Faith in Jesus Christ Overcomes the World: An Exegesis on 1 John 5:1–5 -- By: Alan Hugh West

Journal: Faith and Mission
Volume: FM 16:3 (Summer 1999)
Article: Faith in Jesus Christ Overcomes the World: An Exegesis on 1 John 5:1–5
Author: Alan Hugh West

Faith in Jesus Christ Overcomes the World:
An Exegesis on 1 John 5:1–5

Alan Hugh West

M.Div. Student
Southeastern Baptist Theological Seminary
Wake Forest, NC 27587

1999 Cowinner of the Baxter C. Phillips
and Wanda L. Phillips Greek Exposition Award
Southeastern Baptist Theological Seminary
Wake Forest, North Carolina


The author of 1 John 5:1–5 focuses on the relationship of three fundamental elements that are extremely important concerning the knowledge of God: faith, love, and obedience.1 In these verses the writer identifies the believer’s victory over the world with the cruciality of faith in Jesus Christ.2 Eternal life depends upon every tenet of belief in God, of knowledge about Him, on the revelation, obedient confession, and commitment that Jesus is the eternal life Who was with the Father. Jesus is the Son of God.3 The purpose of this paper is to analyze these verses exegetically and theologically.

Historical and Contextual Background

The First Epistle of John is an intensely practical letter addressed to Christian readers.4 It warns against the dangers of false teachers and exhorts believers to lives of obedience to God and love for their brothers and sisters in Christ. Its controlling theme is fellowship with God the Father and with His Son, Jesus Christ.5 For the early Christians, heresy in the church posed the problem of distinguishing orthodoxy from heterodoxy; faithful ministers of the Word from false teachers.6 The Epistle of 1 John formulates several criteria—righteousness, love, and correct Christology—for testing the Christian profession of teachers and of oneself.7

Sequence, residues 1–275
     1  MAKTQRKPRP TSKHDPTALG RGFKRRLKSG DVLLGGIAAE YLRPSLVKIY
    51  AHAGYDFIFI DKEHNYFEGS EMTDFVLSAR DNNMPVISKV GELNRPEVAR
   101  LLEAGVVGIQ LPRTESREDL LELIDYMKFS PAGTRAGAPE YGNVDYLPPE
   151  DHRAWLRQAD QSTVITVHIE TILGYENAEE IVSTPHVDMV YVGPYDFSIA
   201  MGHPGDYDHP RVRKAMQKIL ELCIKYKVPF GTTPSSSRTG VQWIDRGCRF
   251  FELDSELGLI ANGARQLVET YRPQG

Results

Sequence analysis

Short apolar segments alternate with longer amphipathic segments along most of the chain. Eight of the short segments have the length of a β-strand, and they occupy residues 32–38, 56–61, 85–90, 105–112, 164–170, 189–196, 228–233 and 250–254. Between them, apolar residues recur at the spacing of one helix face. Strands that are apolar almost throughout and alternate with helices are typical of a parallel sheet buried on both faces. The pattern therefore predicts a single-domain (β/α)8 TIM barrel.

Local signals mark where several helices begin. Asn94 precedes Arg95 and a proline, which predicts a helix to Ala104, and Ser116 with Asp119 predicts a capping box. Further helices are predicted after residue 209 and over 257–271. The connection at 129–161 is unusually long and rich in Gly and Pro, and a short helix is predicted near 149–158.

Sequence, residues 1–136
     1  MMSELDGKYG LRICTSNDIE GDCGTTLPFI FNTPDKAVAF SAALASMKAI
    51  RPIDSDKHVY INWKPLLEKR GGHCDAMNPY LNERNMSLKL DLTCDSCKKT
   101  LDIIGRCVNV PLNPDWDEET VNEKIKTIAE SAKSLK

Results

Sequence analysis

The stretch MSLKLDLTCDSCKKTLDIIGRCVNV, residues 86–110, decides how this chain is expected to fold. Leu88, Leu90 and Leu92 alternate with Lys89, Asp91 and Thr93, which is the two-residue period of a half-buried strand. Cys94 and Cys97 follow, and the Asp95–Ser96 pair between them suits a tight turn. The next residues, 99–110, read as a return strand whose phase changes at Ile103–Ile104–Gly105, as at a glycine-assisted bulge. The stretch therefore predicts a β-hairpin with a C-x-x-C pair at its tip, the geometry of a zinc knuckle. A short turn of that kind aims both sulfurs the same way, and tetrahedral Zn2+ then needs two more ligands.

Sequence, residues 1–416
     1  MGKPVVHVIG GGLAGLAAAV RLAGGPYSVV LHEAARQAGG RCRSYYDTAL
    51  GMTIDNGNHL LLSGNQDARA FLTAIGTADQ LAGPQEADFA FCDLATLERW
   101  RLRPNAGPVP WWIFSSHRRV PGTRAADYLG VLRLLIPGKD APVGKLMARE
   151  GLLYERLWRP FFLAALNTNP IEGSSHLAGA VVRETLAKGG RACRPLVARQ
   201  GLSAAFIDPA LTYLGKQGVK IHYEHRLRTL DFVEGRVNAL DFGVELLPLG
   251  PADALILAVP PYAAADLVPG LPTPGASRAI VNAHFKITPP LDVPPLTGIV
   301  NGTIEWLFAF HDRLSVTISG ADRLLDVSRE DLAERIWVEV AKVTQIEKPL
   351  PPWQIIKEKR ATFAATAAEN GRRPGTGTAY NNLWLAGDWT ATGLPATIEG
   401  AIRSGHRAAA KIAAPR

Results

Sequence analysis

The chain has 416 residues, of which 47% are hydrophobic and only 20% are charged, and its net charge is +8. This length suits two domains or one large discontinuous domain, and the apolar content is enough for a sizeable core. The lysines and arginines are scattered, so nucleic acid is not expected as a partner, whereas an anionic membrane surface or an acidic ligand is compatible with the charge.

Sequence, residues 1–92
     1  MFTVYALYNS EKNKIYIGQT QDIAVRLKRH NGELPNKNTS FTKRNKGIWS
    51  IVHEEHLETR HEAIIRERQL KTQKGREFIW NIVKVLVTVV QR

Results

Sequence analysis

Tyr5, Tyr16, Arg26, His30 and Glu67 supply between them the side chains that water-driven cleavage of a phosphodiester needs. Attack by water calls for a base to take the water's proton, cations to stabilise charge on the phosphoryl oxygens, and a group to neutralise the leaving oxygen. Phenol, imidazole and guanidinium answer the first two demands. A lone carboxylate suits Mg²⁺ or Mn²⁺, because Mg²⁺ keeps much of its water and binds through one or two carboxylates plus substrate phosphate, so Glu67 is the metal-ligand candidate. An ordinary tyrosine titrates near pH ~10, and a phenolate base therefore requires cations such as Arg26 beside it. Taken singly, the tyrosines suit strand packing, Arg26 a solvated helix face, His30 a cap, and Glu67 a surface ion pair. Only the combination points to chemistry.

The heresy of Gnosticism was growing in Christendom by the time John wrote.8 According to early tradition, John hurriedly left a public bath in Ephesus when he learned that the Gnostic leader Cerinthus had entered.9 Building on the notion that matter is inherently evil, Cerinthus distinguished between an immaterial, divine “Christ spirit” and a human Jesus with a physical body, and said that the “Christ spirit” had come on the human Jesus right after His b...

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